Appeared earlier in the IACIS Newsletter 57 of September 2014.
On the 23rd of January, Terell Leslie Hill, a very productive scientist and a prolific writer, passed away at the age of 96 in Eugene, Oregon (USA). Many of us have been trained and used his An Introduction to Statistical Thermodynamics, often termed “little Hill”, and looked up the finer detail in Statistical Mechanics: Principles and Selected Applications, “Big Hill”. The younger generation will favor the Statistical Mechanics book by Donald A. McQuarrie, his student, which carries largely the same spirit. The most interesting aspect of this and other work of Terell Hill is that most of his scientific papers were subsequently published as text books, sometimes not much later than the originals appeared in print. It is particularly in this way that his work is much better known than that of contemporaries.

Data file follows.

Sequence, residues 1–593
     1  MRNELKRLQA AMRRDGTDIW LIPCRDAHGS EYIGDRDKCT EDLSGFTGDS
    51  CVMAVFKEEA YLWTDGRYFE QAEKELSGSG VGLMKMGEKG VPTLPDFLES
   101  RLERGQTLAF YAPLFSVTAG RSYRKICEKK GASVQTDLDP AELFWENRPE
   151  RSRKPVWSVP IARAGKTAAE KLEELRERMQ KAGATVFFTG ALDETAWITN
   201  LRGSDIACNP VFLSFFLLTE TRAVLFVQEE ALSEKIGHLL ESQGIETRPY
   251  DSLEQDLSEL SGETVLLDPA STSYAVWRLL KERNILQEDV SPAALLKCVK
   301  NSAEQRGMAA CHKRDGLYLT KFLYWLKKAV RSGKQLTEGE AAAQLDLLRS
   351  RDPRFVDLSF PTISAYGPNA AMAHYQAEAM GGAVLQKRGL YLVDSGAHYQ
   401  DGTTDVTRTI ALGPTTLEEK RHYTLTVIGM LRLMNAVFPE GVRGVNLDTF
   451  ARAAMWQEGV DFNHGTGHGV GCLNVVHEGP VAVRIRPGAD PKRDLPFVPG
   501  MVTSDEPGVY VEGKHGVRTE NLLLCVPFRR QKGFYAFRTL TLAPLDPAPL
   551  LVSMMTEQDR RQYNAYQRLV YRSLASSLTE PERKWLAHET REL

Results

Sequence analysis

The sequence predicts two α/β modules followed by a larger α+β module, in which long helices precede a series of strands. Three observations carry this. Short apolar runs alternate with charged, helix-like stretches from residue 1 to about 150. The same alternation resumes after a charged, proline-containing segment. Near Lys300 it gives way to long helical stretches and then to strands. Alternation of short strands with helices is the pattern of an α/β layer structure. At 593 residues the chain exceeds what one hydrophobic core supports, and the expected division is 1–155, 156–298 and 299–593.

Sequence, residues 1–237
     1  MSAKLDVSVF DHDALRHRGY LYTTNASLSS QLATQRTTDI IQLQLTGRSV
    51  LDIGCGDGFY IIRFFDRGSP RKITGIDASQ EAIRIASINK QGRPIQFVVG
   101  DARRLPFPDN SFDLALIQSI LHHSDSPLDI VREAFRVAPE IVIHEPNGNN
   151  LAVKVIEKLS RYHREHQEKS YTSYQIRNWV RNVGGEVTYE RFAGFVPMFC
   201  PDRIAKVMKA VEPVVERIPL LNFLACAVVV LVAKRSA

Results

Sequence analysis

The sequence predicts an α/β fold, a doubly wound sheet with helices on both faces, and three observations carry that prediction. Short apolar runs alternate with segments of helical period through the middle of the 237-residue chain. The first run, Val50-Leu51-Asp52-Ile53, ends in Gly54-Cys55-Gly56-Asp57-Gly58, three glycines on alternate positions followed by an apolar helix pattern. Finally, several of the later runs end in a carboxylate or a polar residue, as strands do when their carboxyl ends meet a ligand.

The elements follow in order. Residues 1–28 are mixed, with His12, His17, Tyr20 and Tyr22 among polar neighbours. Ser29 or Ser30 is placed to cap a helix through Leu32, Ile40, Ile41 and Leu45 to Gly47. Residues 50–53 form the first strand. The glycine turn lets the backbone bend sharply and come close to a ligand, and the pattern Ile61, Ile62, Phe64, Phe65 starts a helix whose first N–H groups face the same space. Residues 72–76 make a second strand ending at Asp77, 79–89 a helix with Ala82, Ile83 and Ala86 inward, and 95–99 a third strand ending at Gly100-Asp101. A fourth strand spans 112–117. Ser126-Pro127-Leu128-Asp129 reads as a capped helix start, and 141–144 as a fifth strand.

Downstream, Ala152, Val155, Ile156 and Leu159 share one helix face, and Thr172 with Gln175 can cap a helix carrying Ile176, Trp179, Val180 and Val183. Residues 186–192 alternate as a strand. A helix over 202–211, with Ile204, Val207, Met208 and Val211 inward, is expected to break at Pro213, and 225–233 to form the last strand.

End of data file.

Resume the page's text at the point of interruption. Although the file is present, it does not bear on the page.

In 2001, Hill coined the term nanothermodynamics as a more fashionable version of the phrase that he used for his work on the Thermodynamics of Small Systems. Indeed, this touches our field, the thermodynamics and statistical mechanics of systems of colloidal particles, polymers, or macromolecules. Specifically, Hill stated: “This subject, which now might appropriately be called nanothermodynamics, was investigated at some length by the author in 1961-3.” (Nanoletters 1 (2001) 111-112).
Other books by Hill, all extremely relevant to our field, are on Free energy transduction, on Cooperativity Theory and on Linear Aggregation Theory. Importantly, all are affordably available through Dover Publications . Without doubt, these little books make Hill’s contribution to modern science BIG!